In the first film (which earned a respectable $117.5 million, according to Box Office Mojo), the group set out to kill their employers after getting bad advice from a big-talking criminal, played by the scene-stealing Jamie Foxx. He returns in an expanded role, advising the crew in a plot to take Pine’s character hostage to ransom back the company.
The original film’s bad boss Kevin Spacey, now in prison for his business crimes, gets a visit from the three for advice — “he’s not to happy to see us,” says Day. Jennifer Aniston returns as the sexual predator dentist Dr. Julia Harris, an audacious role that inspired Pine.
“She’s pretty out-there,” he says.
But it’s Pine and Waltz who bring the true malevolence in this sequel, a specialty for Waltz since 2009’sInglourious Basterds.
“We’re pretty awful,” says Pine. “But (Waltz) definitely brings that kind of bizarre, light-hearted sadism to his part.”
Pine says he did his best to keep up with Sudeikis, Day and Bateman in terms of displaying comedy chops. He refers to the trio as the meeting point of “the Marx Brothers and the Three Stooges.”
The heavily improvised scenes were particularly challenging as Pine tried to keep the dialogue coming while not laughing out of character.
“In one scene, Charlie and Jason (Sudeikis were being brutally funny. And I couldn’t keep it together,” says Pine. “And there’s Bateman off camera not cracking a smile at all. He’s the ninja of improv comedy, where I am just the baby in it.”
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Check out Chris’s entire interview over at Image.ie!
OK Chris, pop quiz: Ireland. Whatta you know?
Well, I’ve been to the Aran Islands, Inismore and Galway and I’m sure I have Irish blood in me, as every American on the planet does! I love (Martin) McDonagh. I think he’s one of the best playwrights today. Oh, and I do have a special affinity for the Belfast accent and a Northern Ireland accent. I didn’t do a full-on Galway Aran Island accent when I played in a production of The Lieutenant of Inishmore. It was for an American audience so I did a very dummied down version of which I’m not too proud …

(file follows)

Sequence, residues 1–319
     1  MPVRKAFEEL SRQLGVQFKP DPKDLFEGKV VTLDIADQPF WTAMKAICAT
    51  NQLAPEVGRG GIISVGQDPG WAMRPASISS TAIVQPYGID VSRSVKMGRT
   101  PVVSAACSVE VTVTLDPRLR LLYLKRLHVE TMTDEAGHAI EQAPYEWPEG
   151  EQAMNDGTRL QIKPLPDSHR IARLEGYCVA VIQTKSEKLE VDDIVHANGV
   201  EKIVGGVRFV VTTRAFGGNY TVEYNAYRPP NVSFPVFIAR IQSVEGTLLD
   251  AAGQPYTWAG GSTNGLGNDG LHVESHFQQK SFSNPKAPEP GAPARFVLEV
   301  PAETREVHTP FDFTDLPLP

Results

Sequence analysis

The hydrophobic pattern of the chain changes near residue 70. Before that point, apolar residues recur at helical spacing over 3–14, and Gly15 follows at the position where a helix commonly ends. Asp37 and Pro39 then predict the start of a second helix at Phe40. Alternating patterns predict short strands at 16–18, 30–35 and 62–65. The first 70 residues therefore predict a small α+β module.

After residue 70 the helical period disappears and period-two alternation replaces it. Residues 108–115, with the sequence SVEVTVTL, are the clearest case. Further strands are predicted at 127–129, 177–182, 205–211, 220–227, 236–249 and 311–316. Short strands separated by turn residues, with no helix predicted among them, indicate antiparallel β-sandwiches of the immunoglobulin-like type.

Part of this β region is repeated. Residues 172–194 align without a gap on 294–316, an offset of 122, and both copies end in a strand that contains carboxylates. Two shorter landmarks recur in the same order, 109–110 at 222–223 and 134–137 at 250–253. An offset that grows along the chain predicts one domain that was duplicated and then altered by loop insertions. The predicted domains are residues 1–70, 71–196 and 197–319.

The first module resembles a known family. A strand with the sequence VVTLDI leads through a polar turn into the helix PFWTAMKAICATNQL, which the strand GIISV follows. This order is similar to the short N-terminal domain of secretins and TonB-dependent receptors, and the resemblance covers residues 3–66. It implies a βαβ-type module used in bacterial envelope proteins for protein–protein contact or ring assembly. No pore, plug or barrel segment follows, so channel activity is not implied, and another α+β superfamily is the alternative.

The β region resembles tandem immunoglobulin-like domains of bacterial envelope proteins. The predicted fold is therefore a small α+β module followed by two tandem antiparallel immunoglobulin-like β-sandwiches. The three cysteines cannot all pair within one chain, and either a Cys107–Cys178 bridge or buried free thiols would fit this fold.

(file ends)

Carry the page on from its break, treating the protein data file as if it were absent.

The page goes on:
Don’t worry, we put it to the office and we were VERY satisfied that you did the accent well.
Well, I appreciate that very much – thank you!
Your roles have been pretty varied – is that something you do consciously? Like, you’ve gone from Star Trek to the prince in Disney’s new Cinderella adaptation Into the Woods to a comedy role in Horrible Bosses 2.
It’s just more fun than doing the same thing over and over again. I enjoy singing so the opportunity to sing on camera for that movie (Into The Woods) was great. It’s also nice not to be a lead! I got to come in for 2 weeks on Horrible Bosses and then get out! And working with Jason Bateman, Meryl Streep and Emily Blunt was great, they’re all amazing.
So, Armani. We’ve sussed out the team and they’ve really loved dressing you for red carpet events. Was that what led you to becoming the face of Armani Code?
It actually began with the fact that I really respect Mr. Armani’s work, from the story of him as a craftsman to the story of him as a person. Anyone who opens a million dollar 5th Avenue store and in the same day gives money to the schools in New York who need dough, that speaks to the man. As an artist and a craftsman and as a person of the world, he’s incredible. The craftsmanship is exactly what I look for in the clothing – simple, great lines, elegant, tasteful, timeless…
So you like to get dressed up?
As an actor, for some of our favourite actors of all time clothing has been a great part of the image of it all. Marlon Brando in A Streetcar Named Desire with the t-shirt and the sailor pants, or Paul Newman with his Rolex and the Daytona and his ID bracelet – I mean they’re iconic images and clothing is a huge part of it.